I was listening to some politician who was talking about the horrible events all over the world last week and he said something like “Don’t forget that peace is not a natural state of affairs. Peace has to be worked at and in some cases fought for.” It seemed a striking piece of insight from a politician but having looked around a bit (yep, that would be Google then) I found this.
“The state of peace among men living side by side is not the natural state; the natural state is one of war. This does not always mean open hostilities, but at least an unceasing threat of war. A state of peace, therefore, must be established, for in order to be secured against hostility it is not sufficient that hostilities simply be not committed; and, unless this security is pledged to each by his neighbour (a thing that can occur only in a civil state), each may treat his neighbour, from whom he demands this security, as an enemy.” Kant
So, Kant then – not Liam Fox, either way, there is something here I think. We talk so much about peace and wanting peace yet, at the first opportunity everything seems to collapse into rubble and fighting. This can be on a world stage or in our personal lives. So I was struck by something that Jesus said.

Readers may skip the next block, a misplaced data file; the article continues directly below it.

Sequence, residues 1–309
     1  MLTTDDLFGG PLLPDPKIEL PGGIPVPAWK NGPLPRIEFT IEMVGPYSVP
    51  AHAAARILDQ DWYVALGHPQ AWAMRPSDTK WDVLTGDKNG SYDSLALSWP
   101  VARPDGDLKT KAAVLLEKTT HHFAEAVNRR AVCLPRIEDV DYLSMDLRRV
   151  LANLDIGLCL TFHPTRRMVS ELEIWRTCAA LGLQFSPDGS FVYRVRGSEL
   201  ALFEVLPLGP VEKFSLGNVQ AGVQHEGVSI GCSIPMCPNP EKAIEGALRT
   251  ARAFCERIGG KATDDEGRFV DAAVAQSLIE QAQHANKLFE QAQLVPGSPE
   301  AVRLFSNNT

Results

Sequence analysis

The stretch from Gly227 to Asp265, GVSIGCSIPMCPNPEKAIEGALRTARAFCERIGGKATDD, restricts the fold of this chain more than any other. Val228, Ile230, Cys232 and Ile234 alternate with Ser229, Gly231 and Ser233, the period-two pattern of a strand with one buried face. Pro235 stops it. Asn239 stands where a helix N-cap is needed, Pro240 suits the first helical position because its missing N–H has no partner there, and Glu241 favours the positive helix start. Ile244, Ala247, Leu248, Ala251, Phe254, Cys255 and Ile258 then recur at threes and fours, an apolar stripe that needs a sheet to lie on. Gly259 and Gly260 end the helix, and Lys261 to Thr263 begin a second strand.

Peace I leave with you; my peace I give you. I do not give to you as the world gives. Do not let your hearts be troubled and do not be afraid.John 14 v 27
It’s probably significant then that when Jesus talks about the peace he gives he says it is nothing like the peace that this world talks about – which seems to be fragile and dependant on circumstances, mood, and whoever is around to take advantage of the vulnerable for money. Jesus is talking about something that only he can leave us because he is different to us, he can do more than us. It is HIS peace, based in him and who he is, thinking more, loving more and we are safe there. He left it with us to give us comfort and we should take comfort from it.